Concerns over Facebook’s alleged failure to remove hate speech from its platform have led to a boycott of advertisers last July, focused on the United States, which ultimately involved the majority of the country’s biggest consumer brands.
Facebook said that although the withdrawal is on the rise, the prevalence of people seeing harmful material has been reduced. This was due to improvements in detection technology which removes harmful messages before they are widely seen.
This means that the rate of hate speech consumption fell in Q4 2020, from 10 in 10,000 “content views” to seven. This is a more realistic figure, the site claimed, as it shows a decrease in the consumption of material rather than an increase in its publication and rapid deletion.
Is AI the answer?
Detection is the key to Facebook. He claims that the increase in content removal on Instagram reflects improvements in his AI which can detect malicious content. Technology has been improved this year, for both sites, with a better understanding of Arabic, Spanish and Portuguese, which could explain why more material has been spotted.
Daily usage on Facebook and Instagram increased 15% in December 2020 from the previous year, so there were more people posting and consuming content on each site, both of which use better detection technology. .
This does raise the question, however,: why would Facebook remove less content in 2020, despite an increase in hate speech and its improving technology to spot malicious content? The answer could be better detection of fake accounts. These are often configured to send spam or disseminate harmful messages anonymously by an individual or as part of an orchestrated botnet producing disinformation.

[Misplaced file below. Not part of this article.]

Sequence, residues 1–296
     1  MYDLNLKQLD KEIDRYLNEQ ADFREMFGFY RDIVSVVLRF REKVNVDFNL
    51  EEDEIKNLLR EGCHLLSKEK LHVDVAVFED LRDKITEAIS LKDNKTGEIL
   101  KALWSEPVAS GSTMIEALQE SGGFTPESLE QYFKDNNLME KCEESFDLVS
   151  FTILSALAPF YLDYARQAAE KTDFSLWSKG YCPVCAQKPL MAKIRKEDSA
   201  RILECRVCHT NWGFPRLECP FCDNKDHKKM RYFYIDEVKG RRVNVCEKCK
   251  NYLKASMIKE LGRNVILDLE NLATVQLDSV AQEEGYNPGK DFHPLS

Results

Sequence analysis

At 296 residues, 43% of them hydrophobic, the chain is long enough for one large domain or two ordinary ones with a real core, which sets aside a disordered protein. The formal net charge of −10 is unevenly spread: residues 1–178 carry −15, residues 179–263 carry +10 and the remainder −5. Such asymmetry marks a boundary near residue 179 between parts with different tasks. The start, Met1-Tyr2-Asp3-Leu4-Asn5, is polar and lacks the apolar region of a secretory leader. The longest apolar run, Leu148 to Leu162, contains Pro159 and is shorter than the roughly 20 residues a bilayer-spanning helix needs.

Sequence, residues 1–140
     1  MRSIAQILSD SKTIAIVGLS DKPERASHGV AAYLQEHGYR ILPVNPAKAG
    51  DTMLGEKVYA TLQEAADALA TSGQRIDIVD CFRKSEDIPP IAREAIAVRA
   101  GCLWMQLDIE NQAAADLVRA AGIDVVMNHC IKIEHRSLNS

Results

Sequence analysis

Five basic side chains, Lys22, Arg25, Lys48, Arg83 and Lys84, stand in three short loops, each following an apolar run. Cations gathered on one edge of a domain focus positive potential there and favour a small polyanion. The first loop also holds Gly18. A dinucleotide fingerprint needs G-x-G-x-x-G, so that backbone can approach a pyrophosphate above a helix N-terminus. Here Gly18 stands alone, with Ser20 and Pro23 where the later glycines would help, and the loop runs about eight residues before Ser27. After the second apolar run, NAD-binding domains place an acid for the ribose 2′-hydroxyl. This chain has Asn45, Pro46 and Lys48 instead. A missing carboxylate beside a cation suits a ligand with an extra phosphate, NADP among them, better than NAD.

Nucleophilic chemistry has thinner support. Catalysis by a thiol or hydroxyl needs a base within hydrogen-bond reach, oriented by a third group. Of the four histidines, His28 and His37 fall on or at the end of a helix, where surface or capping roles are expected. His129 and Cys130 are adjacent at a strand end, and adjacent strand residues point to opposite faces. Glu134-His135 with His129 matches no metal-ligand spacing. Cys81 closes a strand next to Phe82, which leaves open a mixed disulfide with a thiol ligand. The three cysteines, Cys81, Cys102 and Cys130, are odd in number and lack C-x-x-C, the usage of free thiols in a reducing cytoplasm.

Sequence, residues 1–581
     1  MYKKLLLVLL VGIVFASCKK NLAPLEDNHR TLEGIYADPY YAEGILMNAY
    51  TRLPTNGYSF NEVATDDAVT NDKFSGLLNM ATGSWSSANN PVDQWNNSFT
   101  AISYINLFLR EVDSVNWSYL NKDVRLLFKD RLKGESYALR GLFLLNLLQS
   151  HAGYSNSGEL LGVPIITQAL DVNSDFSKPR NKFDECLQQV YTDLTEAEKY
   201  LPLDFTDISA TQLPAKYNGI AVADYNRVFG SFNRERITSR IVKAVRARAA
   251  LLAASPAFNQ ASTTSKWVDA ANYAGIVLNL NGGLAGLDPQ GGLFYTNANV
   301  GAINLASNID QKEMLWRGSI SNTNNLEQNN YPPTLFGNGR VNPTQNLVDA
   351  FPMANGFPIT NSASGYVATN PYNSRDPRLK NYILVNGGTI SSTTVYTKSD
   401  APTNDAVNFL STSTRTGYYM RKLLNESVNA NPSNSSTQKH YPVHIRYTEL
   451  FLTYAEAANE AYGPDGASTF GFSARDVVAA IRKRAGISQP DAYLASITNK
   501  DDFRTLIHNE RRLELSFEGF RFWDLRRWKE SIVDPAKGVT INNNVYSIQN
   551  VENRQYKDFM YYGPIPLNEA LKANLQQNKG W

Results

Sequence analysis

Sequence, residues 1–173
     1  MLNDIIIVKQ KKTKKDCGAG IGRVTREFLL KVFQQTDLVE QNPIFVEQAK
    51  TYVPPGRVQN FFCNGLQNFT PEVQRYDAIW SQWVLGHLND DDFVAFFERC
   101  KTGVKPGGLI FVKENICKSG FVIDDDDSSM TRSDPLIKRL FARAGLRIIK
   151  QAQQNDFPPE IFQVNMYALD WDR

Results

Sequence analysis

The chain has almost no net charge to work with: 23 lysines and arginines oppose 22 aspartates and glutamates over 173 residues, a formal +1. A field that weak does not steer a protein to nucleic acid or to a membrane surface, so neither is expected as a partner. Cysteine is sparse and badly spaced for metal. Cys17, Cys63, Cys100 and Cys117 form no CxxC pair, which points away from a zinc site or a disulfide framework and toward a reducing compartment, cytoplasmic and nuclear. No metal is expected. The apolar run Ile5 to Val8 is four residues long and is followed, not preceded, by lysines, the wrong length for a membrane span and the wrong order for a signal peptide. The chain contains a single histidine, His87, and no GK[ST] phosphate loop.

Deepening Reboot’s use of Facebook numbers, the social media agency deleted 700 million fewer fake accounts in 2020 than in 2019. During the same period, 2.6 billion spam messages in fewer have been deleted. Figures from Facebook show that these two categories were responsible for 97% of all content and account deletions over the two years.
Technological advancements in detecting fake accounts and closing them before they send malicious content or spam, may well be the most likely explanation why content deletion has declined in 2020.
Facebook claimed that it had become much more efficient at detecting such malicious activity. Importantly, it doesn’t report how many accounts its technology automatically closes before they have a chance to spread hate or spam. However, it does include those that manage to evade initial detection and are closed once they post malicious content.
This could well mean that the number of content deletions is on the decline, as fewer spam messages are sent by accounts that were blocked before they could take action, but do not appear in the official figures.
Improving enforcement and AI detection of fake accounts would appear to be the most logical answer to why hate speech increased in 2020 as overall content removal appears to have decreased.
This story first appearance on campagnelive.co.uk.